Tremella foliacea Pers. - Leafy Brain

Phylum: Basidiomycota - Class: Tremellomycetes (insertae sedis) - Order: Tremellales - Family: Tremellaceae

Tremella foliacea

When fully developed Tremella foliacea is even more contorted than its close relatives Tremella mesenterica and Tremella aurantiaca. In dry weather these fungi shrivel to hard blackish crusts, in which state they are much more difficult to spot. When it rains the fruitbodies rehydrate and turn translucent again.

Tremella foliacea, reddish form

Late summer and autumn are the best times to look for Tremella foliacea, which is capable of sexual and asexual reproduction: it propagates not only via basidiospores but also by producing conidiospores.

Stereum hirsutum, often host to Tremella aurantia

Like the closely-related Tremella aurantia, Leafy Brain, Tremella foliacea grows on dead wood that has been attacked by the wood-rotting fungus Stereum hirsutum, commonly referred to as Hairy Curtain Crust. Stereum hirsutum, shown above, is a conspicuous and very common species whose fruitbodies can be found throughout the year; this is the fungal host upon which the jelly fungus Tremella foliacea feeds.

Leafy Brain fungus, England


Leafy Brain fungus is fairly common throughout Britain and Ireland and is found also in other European countries from Norway right down to Portugal. This species is also recorded in most other temperate regions including North Africa, Asia, Australia and both North America and South America. It is truly a worldwide fungus.

Leafy Bain fungus on dead hardwood England

Taxonomic history

This jelly fungus was originally described in 1800 by Christiaan Hendrik Persoon, who called it Tremella foliacea, by which name mycologists still refer to it today.

Tremella foliacea has many synonyms including Tremella frondosa, Tremella fimbriata Pers., Gyraria foliacea (Pers.) Gray, Tremella succinea Pers., Tremella nigrescens Fr., Ulocolla foliacea (Pers.) Bref., Exidia foliacea (Pers.) P. Karst., Phaeotremella pseudofoliacea Rea, and Tremella foliacea var. succinea (Pers.) Neuhof.



Tremella, the generic name means trembling - a reference to the wobbly-jelly-like structure of fungi within this grouping, The specific epithet foliacea means folded or wrinkled like leaves.

Identification guide

Tremella aurantia closeup of fruitbody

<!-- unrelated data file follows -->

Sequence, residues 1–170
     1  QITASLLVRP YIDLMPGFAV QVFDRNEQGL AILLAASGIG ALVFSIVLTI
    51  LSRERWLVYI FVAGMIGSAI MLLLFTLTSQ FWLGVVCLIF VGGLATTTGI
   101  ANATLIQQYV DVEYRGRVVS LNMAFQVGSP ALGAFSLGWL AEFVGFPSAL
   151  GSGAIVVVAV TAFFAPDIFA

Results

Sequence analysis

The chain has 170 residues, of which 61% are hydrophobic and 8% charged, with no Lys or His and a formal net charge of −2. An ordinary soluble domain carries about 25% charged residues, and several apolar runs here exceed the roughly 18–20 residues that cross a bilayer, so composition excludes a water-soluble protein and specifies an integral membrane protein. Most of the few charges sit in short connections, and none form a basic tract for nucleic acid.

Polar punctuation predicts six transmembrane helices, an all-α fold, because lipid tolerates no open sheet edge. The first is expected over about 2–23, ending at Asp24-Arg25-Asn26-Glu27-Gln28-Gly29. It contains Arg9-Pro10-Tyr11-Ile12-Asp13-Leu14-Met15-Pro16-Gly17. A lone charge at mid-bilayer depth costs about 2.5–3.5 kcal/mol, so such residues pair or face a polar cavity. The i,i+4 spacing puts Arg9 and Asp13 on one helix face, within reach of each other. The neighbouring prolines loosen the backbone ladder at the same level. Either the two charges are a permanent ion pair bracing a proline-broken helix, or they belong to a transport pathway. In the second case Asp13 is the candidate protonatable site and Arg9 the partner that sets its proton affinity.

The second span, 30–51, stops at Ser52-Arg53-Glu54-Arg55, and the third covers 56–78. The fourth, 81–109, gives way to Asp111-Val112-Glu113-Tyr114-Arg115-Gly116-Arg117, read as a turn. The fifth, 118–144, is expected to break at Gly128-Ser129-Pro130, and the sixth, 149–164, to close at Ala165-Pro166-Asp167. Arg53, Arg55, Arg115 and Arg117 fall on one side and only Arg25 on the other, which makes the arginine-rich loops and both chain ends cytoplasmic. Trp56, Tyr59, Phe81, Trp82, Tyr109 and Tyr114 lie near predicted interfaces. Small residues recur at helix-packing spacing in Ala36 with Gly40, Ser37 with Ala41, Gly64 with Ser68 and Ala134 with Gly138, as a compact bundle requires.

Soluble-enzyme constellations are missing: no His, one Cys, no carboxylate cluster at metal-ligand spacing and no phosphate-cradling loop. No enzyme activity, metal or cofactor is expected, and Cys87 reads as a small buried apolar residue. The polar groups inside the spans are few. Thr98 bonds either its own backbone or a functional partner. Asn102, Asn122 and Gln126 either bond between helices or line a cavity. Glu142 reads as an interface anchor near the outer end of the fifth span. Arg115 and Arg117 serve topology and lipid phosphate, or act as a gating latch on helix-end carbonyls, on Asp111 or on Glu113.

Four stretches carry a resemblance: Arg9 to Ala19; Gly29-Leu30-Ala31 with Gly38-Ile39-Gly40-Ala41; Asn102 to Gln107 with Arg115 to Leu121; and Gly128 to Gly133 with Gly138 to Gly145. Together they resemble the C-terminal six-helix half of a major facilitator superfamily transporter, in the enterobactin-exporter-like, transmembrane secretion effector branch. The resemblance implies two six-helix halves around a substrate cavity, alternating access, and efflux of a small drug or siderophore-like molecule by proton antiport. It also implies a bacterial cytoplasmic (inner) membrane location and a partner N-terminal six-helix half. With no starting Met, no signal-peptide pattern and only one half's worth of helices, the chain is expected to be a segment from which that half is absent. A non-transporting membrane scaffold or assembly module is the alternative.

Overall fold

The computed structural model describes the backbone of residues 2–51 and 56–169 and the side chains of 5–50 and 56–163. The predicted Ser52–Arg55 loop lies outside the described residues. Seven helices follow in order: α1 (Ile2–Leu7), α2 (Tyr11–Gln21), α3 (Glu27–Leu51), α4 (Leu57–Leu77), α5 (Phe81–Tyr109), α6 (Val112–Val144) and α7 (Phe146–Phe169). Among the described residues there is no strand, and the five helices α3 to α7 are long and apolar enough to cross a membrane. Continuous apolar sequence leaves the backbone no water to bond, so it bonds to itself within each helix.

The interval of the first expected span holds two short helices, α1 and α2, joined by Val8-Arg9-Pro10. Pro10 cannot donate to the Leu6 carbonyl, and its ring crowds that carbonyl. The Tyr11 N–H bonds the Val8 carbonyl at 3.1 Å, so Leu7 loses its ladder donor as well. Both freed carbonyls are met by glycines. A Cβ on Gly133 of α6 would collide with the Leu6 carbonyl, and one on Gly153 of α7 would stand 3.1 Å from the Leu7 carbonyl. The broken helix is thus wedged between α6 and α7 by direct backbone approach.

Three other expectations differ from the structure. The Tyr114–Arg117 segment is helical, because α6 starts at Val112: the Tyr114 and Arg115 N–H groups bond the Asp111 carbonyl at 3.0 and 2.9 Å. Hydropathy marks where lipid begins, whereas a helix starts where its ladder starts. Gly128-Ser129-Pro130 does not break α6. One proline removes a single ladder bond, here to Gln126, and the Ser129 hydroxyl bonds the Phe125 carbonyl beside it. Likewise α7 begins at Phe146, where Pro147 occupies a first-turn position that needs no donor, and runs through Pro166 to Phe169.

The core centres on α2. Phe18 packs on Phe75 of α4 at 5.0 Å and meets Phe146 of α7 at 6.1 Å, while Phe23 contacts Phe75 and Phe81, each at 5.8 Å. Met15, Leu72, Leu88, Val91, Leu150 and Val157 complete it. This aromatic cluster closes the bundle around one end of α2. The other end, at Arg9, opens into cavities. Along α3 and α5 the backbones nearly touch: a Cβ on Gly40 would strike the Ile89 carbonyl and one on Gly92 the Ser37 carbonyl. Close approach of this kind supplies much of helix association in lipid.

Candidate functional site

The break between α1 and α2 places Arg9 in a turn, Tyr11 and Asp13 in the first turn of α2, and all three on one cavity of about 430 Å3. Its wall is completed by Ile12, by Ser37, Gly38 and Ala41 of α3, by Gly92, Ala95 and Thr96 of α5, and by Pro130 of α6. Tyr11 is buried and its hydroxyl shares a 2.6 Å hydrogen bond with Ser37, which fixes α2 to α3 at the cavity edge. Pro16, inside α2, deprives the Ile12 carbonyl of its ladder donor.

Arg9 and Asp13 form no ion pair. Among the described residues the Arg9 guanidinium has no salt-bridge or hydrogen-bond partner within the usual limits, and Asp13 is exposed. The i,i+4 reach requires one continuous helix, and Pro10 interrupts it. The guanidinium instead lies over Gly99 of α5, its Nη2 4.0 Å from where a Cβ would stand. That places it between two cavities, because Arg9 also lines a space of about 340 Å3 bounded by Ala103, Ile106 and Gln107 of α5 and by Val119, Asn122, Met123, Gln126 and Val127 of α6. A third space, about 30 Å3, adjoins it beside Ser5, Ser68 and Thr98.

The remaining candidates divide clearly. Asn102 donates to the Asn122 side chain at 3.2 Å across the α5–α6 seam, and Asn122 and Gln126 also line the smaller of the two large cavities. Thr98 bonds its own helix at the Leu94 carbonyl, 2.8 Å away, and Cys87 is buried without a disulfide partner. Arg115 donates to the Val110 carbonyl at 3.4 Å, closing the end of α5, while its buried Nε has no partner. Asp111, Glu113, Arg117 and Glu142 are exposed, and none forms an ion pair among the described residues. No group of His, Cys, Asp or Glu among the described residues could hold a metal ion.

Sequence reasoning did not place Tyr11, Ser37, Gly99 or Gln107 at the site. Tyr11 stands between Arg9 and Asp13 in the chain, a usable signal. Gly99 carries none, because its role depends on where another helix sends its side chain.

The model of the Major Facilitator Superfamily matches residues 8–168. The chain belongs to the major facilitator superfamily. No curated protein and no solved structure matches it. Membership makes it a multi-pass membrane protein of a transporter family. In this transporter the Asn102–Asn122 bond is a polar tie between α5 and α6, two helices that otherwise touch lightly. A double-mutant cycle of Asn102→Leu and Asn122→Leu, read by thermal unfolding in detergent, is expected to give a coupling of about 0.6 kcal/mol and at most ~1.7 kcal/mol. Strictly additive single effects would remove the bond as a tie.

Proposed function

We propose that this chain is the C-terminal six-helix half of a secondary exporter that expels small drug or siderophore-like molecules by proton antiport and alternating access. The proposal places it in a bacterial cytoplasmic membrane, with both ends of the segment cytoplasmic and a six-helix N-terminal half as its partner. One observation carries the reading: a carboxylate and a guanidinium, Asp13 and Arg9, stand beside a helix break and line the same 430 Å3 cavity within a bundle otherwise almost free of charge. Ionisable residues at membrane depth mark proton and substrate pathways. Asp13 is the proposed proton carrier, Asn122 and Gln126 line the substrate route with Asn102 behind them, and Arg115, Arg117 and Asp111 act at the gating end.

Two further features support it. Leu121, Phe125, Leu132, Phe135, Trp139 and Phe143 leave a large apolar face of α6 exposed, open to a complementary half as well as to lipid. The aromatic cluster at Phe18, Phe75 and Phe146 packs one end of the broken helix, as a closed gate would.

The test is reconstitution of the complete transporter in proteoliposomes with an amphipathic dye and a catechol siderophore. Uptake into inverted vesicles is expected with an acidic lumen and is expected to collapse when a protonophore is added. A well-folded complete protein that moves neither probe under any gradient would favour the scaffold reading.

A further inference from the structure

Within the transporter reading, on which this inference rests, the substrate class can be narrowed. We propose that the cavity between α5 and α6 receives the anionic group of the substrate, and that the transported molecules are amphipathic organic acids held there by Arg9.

Initially disc-like, the fruitbody soon develops irregular convoluted folds with rounded margins. Individual fruitbodies grow to between 2 and 20cm across. The leaf-like clusters of folded lobes are usually reddish-brown or pale pinkish-brown but sometimes reddish orange; gelatinous when damp, turning dark and shriveling to an inconspicuous fraction of its former size during very dry weather.



Longitudinally septate; 2-spored and 4-spored, with long sterigmata.

Spore of Tremella foliacea


Subglobose to broadly ellipsoidal, smooth, thin-walled, 6.5-10 x 4.5-8µm, inamyloid.

Show larger image

Spore print



Not distinctive.

Habitat & Ecological role

This jelly fungus grows on dead timber of broadleaf trees and conifers. It is not the dead timber that Tremella foliacea consumes but rather a kind of bracket or crust fungus that itself has been feeding on the wood. Tremella foliacea must therefore be - Classed as a parasitic rather than saprobic species. In Britain (and probably elsewhere) it attacks Hairy Curtain Crust Stereum hirsutum.


This jelly-like fungus can be found throughout the year, but it is most visible in autumn and winter.

Similar species

Tremella aurantia is also parasitic on Stereum hirsutum; its fruitbodies are yellow-orange and usually less tightly folded than those of Tremella foliacea.

Tremella mesenterica is parasitic on Peniophora crust fungi, which occur on dead hardwoods, particularly oaks. Its spores are broadly ellipsoidal.

Stereum hirsutum being consumed by Tremella foliacea - picture Andreas Kunze/Wikipedia

Culinary Notes

Some authorities say that this is an edible but very poor fungus, but being insubstantial it has no culinary value.

Above: young fruitbodies of Tremella foliacea are disc-like but they will become contorted and develop multiple folds as they expand and approach maturity.

Tremella foliacea on beech in West Wales, UK

Reference Sources

Fascinated by Fungi, 2nd Edition, Pat O'Reilly 2016, reprinted by Coch-y-bonddu Books in 2022.

British Mycological Society, English Names for Fungi

Dictionary of the Fungi; Paul M. Kirk, Paul F. Cannon, David W. Minter and J. A. Stalpers; CABI, 2008

Taxonomic history and synonym information on these pages is drawn from many sources but in particular from the British Mycological Society's GB Checklist of Fungi.


This page includes pictures kindly contrinuted by David Kelly and Tony Mellor.

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